Among the most important roles a bystander can undertake is that of temporary caregiver to those who’ve been injured. As you are about to find out, knowing what to do could drastically increase the survival rate of those hurt.

Launched in the fall of 2015, “Stop the Bleed” (STB) is a program aimed to educate citizens on how to treat injured people in the response to a violent event. The program, which is broken down into three accessible steps, gives people in the community the tools needed to help our national and local security response teams through the treatment of wounds where severe bleeding could occur.6

To help a person suffering from severe bleeding, the DHS has outlined the appropriate steps:7

Stop the Bleed - tourniquet instructions

The information provided through the STB campaign, if implemented by the public on a large scale, has the ability to save countless lives in the future. To understand the severity of the problem blood hemorrhaging poses to victims in violent crises, consider these statistics:

  • 80% of mass casualty patients are delivered to medical facilities by non-ambulances8
  • 35% of pre-hospital deaths are a result of hemorrhaging9

While no one ever wants to witness an act of public violence, it’s important to have the knowledge of how to help those injured. DHS programs like Stop the Bleed are doing just that. They are empowering citizens to help save other citizens in great times of need.

Stay Alert

The Department of Homeland Security makes every effort to stay completely on top of potential security threats to our community. However, the reality is that they can’t do it alone. In a world where technology moves extremely fast and the “norm” has become a moving target, it takes the eyes and ears of every citizen to keep us safe from harm.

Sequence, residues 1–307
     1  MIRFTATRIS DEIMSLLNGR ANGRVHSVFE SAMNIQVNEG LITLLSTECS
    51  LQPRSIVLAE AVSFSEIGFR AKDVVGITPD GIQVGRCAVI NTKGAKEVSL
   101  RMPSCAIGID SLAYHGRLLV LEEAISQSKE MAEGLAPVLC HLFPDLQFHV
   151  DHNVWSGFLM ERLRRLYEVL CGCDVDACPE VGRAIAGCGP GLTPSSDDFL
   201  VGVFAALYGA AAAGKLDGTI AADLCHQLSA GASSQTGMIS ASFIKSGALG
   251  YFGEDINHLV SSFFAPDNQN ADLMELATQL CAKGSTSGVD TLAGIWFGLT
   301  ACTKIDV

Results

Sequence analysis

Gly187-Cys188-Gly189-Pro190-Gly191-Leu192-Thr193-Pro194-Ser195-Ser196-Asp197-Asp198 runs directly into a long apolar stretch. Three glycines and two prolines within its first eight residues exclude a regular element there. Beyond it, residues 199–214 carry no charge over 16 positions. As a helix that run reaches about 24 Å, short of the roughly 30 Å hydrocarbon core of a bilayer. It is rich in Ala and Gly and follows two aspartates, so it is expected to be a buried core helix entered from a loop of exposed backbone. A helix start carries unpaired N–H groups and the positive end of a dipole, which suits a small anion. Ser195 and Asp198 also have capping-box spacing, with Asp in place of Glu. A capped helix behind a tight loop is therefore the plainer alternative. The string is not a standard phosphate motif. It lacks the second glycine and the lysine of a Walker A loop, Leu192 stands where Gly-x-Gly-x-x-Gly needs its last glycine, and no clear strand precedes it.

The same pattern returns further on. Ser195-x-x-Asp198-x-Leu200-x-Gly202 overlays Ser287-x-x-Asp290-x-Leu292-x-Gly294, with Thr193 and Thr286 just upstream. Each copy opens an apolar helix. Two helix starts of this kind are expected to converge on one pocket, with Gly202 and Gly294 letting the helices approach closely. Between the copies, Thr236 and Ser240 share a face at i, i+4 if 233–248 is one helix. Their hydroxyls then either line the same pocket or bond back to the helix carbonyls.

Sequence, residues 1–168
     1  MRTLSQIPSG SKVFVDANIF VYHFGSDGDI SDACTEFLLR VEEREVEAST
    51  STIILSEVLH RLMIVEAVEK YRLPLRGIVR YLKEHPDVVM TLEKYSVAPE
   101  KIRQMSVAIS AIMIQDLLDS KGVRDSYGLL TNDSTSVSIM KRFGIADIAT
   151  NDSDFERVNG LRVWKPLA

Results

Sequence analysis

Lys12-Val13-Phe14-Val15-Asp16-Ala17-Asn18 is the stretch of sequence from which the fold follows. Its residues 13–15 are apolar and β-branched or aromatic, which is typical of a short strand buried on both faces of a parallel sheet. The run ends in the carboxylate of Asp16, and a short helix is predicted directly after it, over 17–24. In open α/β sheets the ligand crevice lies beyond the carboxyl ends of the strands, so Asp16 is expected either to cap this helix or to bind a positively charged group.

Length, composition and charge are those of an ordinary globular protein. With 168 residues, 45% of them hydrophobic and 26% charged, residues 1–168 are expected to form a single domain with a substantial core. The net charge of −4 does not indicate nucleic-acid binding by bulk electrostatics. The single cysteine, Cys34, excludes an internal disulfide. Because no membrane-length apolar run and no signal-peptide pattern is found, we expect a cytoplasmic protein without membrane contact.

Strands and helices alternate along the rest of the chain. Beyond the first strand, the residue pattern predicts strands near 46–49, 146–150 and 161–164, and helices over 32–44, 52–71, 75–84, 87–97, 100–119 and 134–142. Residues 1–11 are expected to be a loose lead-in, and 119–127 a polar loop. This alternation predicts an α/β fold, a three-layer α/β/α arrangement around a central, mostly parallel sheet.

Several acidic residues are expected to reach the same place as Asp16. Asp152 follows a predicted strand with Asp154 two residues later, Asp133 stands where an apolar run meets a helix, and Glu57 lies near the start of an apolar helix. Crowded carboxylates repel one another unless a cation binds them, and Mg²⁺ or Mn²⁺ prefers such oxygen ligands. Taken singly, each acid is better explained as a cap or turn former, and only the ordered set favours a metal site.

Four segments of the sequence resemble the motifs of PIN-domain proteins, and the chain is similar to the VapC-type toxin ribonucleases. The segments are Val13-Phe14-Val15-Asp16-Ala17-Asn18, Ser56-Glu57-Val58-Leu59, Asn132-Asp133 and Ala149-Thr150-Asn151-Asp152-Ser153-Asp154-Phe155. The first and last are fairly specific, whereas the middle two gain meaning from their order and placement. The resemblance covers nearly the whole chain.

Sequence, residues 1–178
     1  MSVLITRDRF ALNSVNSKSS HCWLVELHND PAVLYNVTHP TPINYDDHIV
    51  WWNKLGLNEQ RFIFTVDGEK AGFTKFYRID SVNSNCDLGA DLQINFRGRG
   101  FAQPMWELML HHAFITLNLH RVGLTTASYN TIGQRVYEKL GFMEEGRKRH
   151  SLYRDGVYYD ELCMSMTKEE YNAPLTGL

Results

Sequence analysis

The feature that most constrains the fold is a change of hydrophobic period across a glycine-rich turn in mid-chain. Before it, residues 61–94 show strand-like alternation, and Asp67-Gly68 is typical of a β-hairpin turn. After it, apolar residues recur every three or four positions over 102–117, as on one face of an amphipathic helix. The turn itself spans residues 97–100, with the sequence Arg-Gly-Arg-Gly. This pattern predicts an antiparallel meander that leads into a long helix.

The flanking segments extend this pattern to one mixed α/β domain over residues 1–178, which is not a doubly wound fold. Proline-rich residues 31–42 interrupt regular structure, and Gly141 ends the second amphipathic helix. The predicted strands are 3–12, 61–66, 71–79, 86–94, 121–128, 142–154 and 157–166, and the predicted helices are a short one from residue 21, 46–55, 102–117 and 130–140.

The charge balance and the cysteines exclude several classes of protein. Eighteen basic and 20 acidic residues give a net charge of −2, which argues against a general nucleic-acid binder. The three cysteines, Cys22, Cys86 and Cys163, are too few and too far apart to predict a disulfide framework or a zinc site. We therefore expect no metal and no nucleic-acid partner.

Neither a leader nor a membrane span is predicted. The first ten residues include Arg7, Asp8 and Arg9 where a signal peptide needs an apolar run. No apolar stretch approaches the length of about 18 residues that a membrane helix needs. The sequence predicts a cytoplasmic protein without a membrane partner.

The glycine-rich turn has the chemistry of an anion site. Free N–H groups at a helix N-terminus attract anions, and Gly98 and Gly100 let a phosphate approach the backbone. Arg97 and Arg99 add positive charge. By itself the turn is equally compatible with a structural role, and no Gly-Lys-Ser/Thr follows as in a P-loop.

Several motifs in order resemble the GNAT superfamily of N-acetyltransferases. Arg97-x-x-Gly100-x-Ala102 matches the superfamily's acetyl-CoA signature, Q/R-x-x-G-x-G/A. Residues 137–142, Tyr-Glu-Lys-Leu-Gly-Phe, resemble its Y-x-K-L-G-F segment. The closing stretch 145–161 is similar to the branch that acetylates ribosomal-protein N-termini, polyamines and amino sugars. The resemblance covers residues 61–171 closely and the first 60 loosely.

And, if you’d like to take your efforts to the next level, consider earning an Online Master of Professional Studies in Homeland Security from the George Washington University. To find out more, contact an Admissions Advisor at 202-558-0060 or visit us online.

This article is sponsored by the George Washington University.


Sources:
  1. Retrieved on April 13, 2017, from dhs.gov/what-we-do
  2. Retrieved on April 13, 2017, from cnn.com/2016/06/13/health/mass-shootings-in-america-in-charts-and-graphs-trnd/
  3. Retrieved on April 13, 2017, from dhs.gov/see-something-say-something
  4. Retrieved on April 13, 2017, from cnn.com/2016/06/13/health/mass-shootings-in-america-in-charts-and-graphs-trnd/
  5. Retrieved on April 13, 2017, from goodreads.com/quotes/13419-peace-cannot-be-achieved-through-violence-it-can-only-be
  6. Retrieved on April 13, 2017, from obamawhitehouse.archives.gov/the-press-office/2015/10/06/fact-sheet-bystander-stop-bleed-broad-private-sector-support-effort-save
  7. Retrieved on April 13, 2017, from dhs.gov/stopthebleed
  8. Retrieved on April 13, 2017, from stopthebleedingcoalition.org/
  9. Retrieved on April 13, 2017, from stopthebleedingcoalition.org/